• 14 million searches made on Expedia every day.

He then talked about Promotion and Distribution via Expedia

Content Management

Content is king, price is queen. The geographical boundary of an online consumer is really relative. Therefore, when offering content, he LoFuendo advised that businesses should show content that justifies the price.

Provide excellent service

Word of mouth is now on steroids with the internet. It is the same thing we have been saying with regard to social media. With everybody today being a publisher, if your service falls short of what you promised, people will publish that for the world to see either through the various social networks and review systems. At Expedia, they have rating systems of a scale of 1-5.

Inventory and Rate Management

Mr. LoFuendo then went into really deep analysis with regard to inventory and rate management. He asked where East Africa is today on the online map and he then through went through the following points as he explored where we lie.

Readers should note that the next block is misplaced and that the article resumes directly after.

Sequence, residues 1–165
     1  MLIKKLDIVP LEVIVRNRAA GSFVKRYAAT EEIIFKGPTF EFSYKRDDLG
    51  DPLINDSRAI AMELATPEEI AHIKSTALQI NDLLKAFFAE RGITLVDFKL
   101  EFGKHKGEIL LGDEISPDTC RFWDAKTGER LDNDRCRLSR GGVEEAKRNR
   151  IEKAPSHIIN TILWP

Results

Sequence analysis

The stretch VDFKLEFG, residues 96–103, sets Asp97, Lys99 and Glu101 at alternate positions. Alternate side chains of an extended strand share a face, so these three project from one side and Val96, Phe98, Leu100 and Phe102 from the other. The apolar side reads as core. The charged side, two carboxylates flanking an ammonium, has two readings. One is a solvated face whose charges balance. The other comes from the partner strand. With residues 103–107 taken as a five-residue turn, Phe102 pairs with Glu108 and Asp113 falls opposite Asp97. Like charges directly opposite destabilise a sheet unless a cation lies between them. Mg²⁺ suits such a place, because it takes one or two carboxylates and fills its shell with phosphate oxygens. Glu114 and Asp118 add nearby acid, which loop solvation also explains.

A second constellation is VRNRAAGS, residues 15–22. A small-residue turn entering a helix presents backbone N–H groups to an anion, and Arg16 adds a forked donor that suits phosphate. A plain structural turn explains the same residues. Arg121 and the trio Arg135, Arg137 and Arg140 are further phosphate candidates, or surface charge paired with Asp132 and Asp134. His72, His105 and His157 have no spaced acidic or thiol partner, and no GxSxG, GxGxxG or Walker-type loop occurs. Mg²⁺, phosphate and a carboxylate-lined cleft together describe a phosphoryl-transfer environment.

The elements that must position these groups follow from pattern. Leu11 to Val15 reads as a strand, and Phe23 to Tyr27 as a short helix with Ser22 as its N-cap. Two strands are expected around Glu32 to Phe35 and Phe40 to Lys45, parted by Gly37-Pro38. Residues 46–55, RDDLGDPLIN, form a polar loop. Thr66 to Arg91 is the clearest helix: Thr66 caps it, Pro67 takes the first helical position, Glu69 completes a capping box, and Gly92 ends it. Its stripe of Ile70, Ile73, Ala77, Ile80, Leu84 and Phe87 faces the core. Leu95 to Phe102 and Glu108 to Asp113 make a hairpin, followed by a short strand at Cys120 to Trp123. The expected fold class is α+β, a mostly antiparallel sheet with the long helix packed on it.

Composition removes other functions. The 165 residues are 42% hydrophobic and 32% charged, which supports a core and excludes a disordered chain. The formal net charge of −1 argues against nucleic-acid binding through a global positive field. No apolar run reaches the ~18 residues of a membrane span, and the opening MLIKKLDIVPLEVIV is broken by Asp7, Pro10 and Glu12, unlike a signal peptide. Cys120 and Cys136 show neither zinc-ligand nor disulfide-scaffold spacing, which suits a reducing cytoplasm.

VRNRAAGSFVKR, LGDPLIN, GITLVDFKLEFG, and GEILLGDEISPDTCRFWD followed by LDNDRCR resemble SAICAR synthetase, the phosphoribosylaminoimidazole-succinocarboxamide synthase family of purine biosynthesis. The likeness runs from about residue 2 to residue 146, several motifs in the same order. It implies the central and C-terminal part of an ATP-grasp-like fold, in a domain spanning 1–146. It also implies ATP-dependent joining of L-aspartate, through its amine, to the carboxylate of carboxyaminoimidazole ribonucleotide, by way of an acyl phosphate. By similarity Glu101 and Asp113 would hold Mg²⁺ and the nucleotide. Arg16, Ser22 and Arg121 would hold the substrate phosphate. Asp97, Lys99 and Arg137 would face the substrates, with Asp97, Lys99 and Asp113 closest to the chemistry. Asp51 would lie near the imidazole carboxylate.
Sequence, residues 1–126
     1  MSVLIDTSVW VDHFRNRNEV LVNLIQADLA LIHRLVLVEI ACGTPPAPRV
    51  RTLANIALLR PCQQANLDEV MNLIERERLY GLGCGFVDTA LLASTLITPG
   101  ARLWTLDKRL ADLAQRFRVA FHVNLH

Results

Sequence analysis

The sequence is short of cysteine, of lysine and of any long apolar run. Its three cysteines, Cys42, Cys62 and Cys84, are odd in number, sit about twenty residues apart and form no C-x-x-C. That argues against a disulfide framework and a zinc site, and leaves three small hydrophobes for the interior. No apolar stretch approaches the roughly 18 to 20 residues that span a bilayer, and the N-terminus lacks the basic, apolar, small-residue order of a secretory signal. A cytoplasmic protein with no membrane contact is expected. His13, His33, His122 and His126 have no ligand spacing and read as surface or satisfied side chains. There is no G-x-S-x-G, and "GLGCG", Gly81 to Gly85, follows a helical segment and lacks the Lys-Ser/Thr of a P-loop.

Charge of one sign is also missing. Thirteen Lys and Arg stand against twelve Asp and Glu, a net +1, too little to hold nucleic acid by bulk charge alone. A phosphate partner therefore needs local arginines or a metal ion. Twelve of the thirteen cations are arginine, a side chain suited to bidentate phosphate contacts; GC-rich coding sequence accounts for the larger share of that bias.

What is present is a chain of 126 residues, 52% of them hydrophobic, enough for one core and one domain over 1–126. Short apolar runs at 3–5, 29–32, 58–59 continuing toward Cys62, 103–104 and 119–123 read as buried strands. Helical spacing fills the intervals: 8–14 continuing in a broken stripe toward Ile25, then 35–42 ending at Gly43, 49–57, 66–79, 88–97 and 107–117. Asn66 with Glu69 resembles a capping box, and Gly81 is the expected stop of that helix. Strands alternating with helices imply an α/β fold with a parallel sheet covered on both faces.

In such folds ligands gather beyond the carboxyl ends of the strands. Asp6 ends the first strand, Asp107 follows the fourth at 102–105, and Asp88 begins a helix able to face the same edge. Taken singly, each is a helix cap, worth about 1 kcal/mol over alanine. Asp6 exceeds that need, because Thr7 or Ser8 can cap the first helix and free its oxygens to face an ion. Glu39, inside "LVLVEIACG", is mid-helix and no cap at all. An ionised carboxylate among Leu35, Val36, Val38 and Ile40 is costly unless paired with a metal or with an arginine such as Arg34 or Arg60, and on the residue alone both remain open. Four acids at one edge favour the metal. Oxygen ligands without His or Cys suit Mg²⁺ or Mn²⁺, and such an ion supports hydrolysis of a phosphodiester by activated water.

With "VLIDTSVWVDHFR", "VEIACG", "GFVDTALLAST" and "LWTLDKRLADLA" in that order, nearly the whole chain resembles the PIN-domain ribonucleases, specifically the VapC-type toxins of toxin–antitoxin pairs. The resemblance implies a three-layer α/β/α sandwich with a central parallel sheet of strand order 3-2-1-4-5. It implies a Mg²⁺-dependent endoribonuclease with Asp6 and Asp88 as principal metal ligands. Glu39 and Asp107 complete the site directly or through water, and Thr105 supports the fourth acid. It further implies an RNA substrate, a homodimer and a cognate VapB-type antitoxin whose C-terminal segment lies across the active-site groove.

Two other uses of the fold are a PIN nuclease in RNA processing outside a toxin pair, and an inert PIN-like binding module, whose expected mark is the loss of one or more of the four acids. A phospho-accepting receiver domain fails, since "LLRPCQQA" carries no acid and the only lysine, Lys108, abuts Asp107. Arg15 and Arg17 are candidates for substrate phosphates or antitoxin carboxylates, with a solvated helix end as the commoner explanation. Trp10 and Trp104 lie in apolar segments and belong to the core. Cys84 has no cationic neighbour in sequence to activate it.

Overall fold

• External and Internal Factors?
  • Long and Strong tour operator foot point in the market (E)
  • External package culture versus FIT Internet needs (E)
  • Low internet culture in the country
  • Poor revenue channel management understanding
  • Poor understanding of the customer and his needs…

When is the last time you read reviews on your competitor? Or replied to comments made about you.

You must read this guy’s presentation because the data in there will jolt you especially the hotel room nights and air tickets sold, for instance, flights and hotels booked through Expedia in Africa both stood at over $100,000,000 in 2009 and is expected to be just about $120,000,000 in revenues in 2010.

When asked to look at the dynamic in Africa when compared to the rest of the world with regard to the role that tour operators play. The gentleman asking the question said matter-of-factly that tour operators have a stronghold in Kenya that Expedia has no immediate solution to. LoFuendo was still adamant that the role of these operators is diminishing. He said that the same challenges that are currently in Kenya are those that were there years ago in Cancun and other now established destinations 6 years.